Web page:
The American Indian Family Center (AIFC), located in East Saint Paul, is the recipient of a $50,000 community center renovation grant from the Drops of Good Community Project.
On August 7, AIFC held a ribbon-cutting ceremony to mark the completion of the renovations. In addition to community members, volunteers, and representatives from the organizations that funded the project, special guests included Minnesota Congresswoman Betty McCollum, Saint Paul Mayor Chris Coleman, and former Minnesota Twins pitcher Brad Radke.
“It’s bringing life back to this community and it’s what the people need around here,” said Radke. “It’s a great opportunity for me to come back to the cities and lend a hand.”
The Drops of Good Community Project is a partnership between Maxwell House and the national nonprofit organization Rebuilding Together. The two organizations first teamed up in 2011 to sponsor the grant program, which brings crucial structural renovations to deserving community centers nationwide.
“This program is raising awareness in local communities and we’ve been able to help these vital community centers continue to do good, inspire hope, and bring much-needed change,” said Corey Provine, Senior Brand Manager for Maxwell House.
AIFC was initially approached by the Twin Cities affiliate of Rebuilding Together in March to be interviewed for nomination to the competition. The organization was then selected by Rebuilding Together and Maxwell House as one of ten finalists nationwide to move on to the online voting phase of the project, which lasted from April to May. To get the word out, Rebuilding Together and Maxwell House launched social media voting campaigns to the public and the AIFC recruited community members to vote at local events. After all 144,000 votes were tallied, AIFC was selected as one of three community centers to receive the grant.
“I live on the East Side, so to find out that this vibrant of a community center is here was fantastic,” said Kathy Greiner, Executive Director for the Twin Cities Affiliate of Rebuilding Together. “Everyone here has been gracious to work with – it truly is that spirit of the community coming together.”
Preparations for the renovations started in late July. AIFC applied for the required city permits and Rebuilding Together acted as the general contractor for the project, securing donations of services and supplies from local businesses and organizations. Local donors included: Stemwedel Murdoch Architecture, True North Remodeling, Inc., Warners’ Stellian Appliances, East Side Neighborhood Development Company, Inc., Minnesota Timberwolves basketball team, Yarusso-Bros. Italian Restaurant, Valspar Corporation, On Site Sanitation, Cub Foods, Autumn Oaks Landscaping, Berry Holz Interior Design, and the Pohlad Family Foundation.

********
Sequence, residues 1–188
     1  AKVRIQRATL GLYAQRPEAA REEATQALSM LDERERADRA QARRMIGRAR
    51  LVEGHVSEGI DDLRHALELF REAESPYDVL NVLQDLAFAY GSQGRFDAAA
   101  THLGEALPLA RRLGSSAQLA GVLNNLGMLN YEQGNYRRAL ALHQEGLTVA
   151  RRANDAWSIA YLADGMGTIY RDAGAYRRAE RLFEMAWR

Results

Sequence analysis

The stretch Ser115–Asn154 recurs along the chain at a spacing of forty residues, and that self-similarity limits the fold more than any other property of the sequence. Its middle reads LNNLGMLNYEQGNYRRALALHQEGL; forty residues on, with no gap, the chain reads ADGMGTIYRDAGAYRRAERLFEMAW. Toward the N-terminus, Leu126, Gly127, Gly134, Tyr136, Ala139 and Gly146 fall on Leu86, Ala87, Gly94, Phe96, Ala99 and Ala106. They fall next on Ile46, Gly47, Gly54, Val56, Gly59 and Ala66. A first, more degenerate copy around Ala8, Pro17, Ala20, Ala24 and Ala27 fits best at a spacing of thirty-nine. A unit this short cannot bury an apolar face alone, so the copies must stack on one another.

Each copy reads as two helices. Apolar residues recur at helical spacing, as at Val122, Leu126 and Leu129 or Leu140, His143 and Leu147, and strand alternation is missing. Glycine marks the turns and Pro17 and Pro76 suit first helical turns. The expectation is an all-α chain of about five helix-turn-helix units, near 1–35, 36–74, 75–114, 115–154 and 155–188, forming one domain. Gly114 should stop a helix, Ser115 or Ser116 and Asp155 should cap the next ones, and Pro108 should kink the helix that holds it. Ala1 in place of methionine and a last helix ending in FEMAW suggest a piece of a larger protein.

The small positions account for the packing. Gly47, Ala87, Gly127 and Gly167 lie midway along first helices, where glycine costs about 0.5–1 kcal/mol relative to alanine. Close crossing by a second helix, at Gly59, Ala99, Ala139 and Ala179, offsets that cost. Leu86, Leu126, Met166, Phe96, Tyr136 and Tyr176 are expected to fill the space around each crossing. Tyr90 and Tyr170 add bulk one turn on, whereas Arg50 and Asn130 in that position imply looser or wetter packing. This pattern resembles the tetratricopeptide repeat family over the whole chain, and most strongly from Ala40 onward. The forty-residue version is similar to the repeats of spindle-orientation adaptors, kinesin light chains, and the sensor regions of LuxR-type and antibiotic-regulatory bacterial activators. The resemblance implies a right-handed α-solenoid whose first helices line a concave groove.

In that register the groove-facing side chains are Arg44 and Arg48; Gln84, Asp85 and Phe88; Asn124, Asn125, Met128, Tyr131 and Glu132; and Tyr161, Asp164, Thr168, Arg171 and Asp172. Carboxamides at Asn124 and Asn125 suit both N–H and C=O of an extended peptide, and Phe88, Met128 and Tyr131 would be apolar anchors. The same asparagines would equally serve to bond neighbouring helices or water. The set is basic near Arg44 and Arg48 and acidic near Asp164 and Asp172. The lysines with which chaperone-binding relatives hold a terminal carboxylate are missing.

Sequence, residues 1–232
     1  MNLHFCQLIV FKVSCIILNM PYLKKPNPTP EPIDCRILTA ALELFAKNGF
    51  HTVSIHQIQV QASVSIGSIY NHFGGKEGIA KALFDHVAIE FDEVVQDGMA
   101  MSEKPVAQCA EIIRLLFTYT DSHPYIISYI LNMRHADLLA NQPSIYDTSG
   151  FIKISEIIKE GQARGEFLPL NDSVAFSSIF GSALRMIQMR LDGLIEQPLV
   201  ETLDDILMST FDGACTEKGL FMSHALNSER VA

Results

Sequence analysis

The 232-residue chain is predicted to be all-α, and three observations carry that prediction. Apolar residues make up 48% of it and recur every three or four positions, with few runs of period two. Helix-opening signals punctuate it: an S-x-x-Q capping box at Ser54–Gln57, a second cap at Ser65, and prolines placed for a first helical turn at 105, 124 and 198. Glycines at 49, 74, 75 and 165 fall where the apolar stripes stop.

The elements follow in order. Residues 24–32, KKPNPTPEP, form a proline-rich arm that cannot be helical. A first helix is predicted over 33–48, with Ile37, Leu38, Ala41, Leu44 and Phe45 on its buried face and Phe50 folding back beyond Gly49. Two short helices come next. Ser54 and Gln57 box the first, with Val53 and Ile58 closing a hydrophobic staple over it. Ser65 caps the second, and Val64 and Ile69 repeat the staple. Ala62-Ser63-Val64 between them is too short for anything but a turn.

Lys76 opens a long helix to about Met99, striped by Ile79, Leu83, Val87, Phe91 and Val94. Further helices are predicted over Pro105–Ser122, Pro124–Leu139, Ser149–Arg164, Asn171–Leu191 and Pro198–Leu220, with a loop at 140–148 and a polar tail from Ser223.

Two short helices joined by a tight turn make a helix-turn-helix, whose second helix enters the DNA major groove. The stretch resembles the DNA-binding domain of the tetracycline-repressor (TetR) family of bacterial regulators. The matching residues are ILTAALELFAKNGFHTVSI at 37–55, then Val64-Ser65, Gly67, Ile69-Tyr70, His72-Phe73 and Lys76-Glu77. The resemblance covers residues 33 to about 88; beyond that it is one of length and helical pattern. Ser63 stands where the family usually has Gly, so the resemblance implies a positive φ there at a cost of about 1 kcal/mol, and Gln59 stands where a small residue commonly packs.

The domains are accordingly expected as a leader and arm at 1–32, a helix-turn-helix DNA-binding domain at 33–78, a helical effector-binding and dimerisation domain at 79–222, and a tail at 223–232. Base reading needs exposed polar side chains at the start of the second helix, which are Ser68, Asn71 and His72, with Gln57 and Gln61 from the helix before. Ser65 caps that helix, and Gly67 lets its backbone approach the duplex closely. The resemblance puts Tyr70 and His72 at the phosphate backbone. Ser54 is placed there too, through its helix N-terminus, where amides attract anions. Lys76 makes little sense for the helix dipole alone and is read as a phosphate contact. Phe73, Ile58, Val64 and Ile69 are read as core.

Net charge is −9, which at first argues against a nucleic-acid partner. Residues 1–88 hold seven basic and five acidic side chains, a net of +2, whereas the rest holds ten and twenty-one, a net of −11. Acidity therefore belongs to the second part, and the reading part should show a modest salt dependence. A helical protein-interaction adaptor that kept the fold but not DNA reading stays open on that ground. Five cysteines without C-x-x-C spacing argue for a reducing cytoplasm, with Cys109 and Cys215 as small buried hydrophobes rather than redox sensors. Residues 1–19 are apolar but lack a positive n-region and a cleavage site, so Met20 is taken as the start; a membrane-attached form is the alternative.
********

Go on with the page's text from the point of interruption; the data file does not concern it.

AIFC was initially asked to put together a wish list of renovations that they narrowed down to several key items once they were notified of their selection. Although AIFC made several renovations to the building when they purchased it initially in 1997, no major improvements had occurred since.
Volunteers at the site replaced the water-damaged roof, ceiling tiles, sub-flooring, and carpeting throughout the center; remodeled the first floor bathroom so it is Americans with Disabilities Act (ADA) compliant; created a functional teaching kitchen for the center with all-new appliances; redesigned the lobby area to create a children’s center; replaced the old heating, ventilation, and air conditioning system with an energy-efficient system; applied fresh coats of paint to the interior and exterior walls; and landscaped the areas around the front and sides of the center.
Janice LaFloe, Director of Development and Marketing at AIFC, is especially excited about the updates to the kitchen. AIFC has wanted to partner with gardening and healthy eating programs to offer events and classes to the families they serve, but have been unable to find adequate space for these activities until now.
“Making those kinds of lifestyle changes is pretty challenging, so we want to make it meaningful and fun,” said LaFloe. “Those are the kinds of changes that sustain improved behaviors and healthy lifestyles.”
LaFloe also feels that the remodeling of the lobby area is particularly significant to AIFC’s work.
“It’s important for our families to feel valued as community members,” said LaFloe. “Coming into a beautiful space helps us start building that relationship and making them feel welcomed and valued.”
At final count, 100 volunteers came out to support AIFC on August 7 to finish renovations and celebrate.
“The American Indian Family Center is humbled to accept and be a part of the whole Drops of Good Community Project,” said LaFloe. “It makes your heart feel good to see so many people come out.”